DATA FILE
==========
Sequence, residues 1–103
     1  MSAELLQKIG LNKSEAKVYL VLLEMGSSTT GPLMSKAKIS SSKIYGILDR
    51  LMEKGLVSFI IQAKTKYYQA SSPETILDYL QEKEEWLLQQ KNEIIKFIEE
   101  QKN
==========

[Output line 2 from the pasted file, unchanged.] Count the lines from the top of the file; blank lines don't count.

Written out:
     1  MSAELLQKIG LNKSEAKVYL VLLEMGSSTT GPLMSKAKIS SSKIYGILDR